Chester Chua in his “mobile church”, the taxi he drives, decorated with figurines and prayer cards that remind him of his Catholic faith. Photo by Joyce Gan
CHESTER CHUA, A CITICAB driver, does not consider his taxi only a vehicle, but a “mobile church”. Catholic passengers who enter his cab would recognise immediately why this is so. On his dashboard is displayed miniature Catholic figurines – a crucifix, Mother Mary, St. Christopher; a small calendar depicting Catholic images, a bookmark of Mother Teresa hanging from the overhead light, and around his rearview mirror, a rosary.
Rather than looking garish and overwhelming, his passengers have described the ambience created within his cab as “very peaceful”. Catholics, especially, would be pleased to identify themselves when they see the rosary, says Mr Chua.
The 52-year-old parishioner of Holy Cross only started driving taxis from 2002, two years after his baptism. Since then, these figurines have been in his cab, “a reminder of what God has done for me”, he says, “and for me to do His will”.
Mr Chua was baptised in 2000 after going through RCIA at Novena Church, a church where he had gone to for 40 years before his baptism. He continues to attend the Saturday novena devotions there.
Mr Chua said he used to follow his grandmother to Novena Church from the time he was aged five to seven. Back then, though he thought of getting baptised, he feared he would not be able to cope with learning about the faith.
“Also, I wanted to think carefully. This is something very serious,” he explained. “Later, I thought to myself, after 40 over years and I’m still with the faith, I might as well sign up [for RCIA] and go through ‘the proper way’.”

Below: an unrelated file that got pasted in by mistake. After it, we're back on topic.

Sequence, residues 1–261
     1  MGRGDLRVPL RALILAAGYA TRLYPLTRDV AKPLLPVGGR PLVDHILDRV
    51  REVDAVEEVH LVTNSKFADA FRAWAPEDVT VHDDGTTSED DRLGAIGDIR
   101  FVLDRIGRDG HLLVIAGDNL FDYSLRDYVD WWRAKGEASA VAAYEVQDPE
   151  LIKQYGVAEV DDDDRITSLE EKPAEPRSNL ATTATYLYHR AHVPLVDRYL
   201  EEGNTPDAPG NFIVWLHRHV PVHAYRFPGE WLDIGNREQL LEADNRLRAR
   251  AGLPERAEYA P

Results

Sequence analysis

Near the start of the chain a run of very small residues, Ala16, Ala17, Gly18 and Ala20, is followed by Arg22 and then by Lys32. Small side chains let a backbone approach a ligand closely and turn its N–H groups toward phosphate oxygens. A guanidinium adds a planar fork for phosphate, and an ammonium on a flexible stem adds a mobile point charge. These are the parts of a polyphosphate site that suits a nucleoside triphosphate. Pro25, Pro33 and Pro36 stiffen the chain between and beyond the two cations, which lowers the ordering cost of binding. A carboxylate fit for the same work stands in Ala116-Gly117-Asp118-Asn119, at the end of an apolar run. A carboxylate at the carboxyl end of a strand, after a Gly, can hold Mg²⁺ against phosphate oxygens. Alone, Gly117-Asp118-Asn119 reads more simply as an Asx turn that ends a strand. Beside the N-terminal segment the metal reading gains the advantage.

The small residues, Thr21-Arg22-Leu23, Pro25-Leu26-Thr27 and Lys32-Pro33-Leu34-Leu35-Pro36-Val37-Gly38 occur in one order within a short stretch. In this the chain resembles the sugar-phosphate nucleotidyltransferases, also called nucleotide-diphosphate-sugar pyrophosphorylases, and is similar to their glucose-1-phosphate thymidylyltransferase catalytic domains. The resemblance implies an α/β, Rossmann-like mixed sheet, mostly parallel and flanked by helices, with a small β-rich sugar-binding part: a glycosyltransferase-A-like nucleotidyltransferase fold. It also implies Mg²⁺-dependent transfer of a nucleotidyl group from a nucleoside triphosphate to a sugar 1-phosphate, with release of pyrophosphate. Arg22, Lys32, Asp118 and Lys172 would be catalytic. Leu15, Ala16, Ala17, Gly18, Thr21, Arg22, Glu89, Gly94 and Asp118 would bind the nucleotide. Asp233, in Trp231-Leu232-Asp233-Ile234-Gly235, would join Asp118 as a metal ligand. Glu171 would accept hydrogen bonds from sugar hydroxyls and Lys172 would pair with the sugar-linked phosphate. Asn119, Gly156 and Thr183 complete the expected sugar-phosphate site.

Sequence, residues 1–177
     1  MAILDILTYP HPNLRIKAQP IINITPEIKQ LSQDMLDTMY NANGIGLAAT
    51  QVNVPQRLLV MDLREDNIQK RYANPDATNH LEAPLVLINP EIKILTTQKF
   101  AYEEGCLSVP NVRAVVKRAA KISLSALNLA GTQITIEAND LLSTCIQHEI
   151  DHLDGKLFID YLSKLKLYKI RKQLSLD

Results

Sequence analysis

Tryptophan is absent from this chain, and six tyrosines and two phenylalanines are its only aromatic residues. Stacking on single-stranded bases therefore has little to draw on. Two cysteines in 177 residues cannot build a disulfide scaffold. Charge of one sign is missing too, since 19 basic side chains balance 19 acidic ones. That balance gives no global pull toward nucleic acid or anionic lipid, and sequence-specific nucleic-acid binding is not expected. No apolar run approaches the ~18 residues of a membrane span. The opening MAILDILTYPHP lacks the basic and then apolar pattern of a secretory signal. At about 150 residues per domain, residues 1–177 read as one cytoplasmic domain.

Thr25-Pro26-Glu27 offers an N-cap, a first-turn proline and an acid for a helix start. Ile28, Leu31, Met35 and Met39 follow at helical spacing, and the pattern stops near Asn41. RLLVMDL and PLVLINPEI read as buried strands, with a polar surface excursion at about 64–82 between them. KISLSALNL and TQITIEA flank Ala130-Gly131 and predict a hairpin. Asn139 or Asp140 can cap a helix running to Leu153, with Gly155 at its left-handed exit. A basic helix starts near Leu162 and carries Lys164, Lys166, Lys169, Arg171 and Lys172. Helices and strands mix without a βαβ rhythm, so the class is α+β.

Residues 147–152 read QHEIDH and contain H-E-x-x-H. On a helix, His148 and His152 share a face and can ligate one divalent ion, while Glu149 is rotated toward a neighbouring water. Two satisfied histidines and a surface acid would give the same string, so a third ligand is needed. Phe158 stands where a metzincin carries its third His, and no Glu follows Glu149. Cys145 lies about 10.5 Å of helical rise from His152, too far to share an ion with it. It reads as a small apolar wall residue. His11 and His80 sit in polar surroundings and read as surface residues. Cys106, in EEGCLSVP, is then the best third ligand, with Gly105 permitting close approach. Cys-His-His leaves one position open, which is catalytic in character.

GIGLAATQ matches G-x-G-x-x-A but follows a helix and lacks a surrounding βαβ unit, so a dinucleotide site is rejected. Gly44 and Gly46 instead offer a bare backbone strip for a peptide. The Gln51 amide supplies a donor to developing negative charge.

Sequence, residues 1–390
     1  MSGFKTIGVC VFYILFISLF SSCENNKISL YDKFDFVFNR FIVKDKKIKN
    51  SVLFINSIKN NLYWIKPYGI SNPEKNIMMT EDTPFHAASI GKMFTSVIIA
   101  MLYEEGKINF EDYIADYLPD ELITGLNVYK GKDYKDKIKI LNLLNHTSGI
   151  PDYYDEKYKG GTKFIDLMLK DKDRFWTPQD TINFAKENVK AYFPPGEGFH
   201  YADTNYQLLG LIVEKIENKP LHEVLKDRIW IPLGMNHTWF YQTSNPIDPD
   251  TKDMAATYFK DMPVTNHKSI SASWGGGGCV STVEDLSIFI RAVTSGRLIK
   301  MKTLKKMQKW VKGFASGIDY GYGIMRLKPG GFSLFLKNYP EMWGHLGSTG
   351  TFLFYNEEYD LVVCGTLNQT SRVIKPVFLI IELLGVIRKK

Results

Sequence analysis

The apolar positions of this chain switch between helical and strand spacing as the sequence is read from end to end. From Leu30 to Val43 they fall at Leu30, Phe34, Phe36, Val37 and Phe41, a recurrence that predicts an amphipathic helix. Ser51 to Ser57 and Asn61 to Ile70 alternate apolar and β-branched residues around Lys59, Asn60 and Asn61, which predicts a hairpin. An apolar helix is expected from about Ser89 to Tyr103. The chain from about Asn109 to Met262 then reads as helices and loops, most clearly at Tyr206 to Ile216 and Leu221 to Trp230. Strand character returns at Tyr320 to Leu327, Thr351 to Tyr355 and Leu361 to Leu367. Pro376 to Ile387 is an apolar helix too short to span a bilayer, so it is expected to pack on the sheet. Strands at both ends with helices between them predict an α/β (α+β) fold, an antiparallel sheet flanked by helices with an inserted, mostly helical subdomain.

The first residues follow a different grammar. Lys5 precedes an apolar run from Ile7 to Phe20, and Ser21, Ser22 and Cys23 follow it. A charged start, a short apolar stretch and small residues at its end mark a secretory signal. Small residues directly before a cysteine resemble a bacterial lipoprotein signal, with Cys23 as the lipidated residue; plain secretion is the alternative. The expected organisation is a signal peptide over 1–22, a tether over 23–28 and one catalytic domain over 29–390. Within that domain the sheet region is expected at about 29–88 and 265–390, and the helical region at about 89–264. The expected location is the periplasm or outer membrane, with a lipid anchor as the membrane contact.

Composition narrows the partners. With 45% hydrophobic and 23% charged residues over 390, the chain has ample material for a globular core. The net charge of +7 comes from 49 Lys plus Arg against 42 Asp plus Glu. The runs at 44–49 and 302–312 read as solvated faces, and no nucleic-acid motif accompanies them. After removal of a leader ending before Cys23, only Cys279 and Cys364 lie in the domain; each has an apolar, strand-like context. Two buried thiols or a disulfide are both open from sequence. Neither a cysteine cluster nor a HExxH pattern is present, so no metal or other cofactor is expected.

He described what he used to think of himself, as a non-Catholic going to the Novena Church faithfully, “It’s like driving without a license, I was not a full-fledged Catholic.”
Mr Chua added that he has received many blessings from God – good health and peace that he prays for.
“[My] baptism is to acknowledge my belief in God,” he said. “Whether you put your belief into action is another thing.”
Which is why he likes having his Catholic figurines in his taxi, he explained.
“They help especially when I get angry at other drivers,” he laughed. “But it doesn’t work all the time of course. When I still get angry, then I remind myself to calm down.”
“Also, driving on the road everyday (9.00am to 9.00pm) can be very dangerous, sometimes we meet difficult passengers and we never know if we will encounter robbers [but with these], I feel very safe, like God is with me all the time.”
He shares that he is fond of his Mother Teresa bookmark, one given by a friend.
“I admire her a lot. She is a very kind soul. If we can just follow up to a certain percentage of what she’s like, we will be very good people,” he said.
“Mother Teresa lived in our era, a living example [of a witness to our] Catholic faith,” he said. “So I hang this bookmark and hope to let as many people know about it as possible.”
“Some passengers see these figurines and [reveal that] they haven’t gone for Mass in many years. I tell them, ‘Don’t give up. Whatever it is, you must cling onto your faith’. I hope I say the right things to them,” he laughed and added, “I just tell them, go back to church, you are in the right faith.”
Does he feel more compelled to treat his passengers better as a witness to his faith?
“Of course,” he answered. I am also [constantly] reminded to do an honest job, (which means) don’t cheat my passengers, be nice to them, be fair.”
Mr Chua added, “But even without these devotions, God is watching. These are only for our own reflection, a reminder.”
By Joyce Gan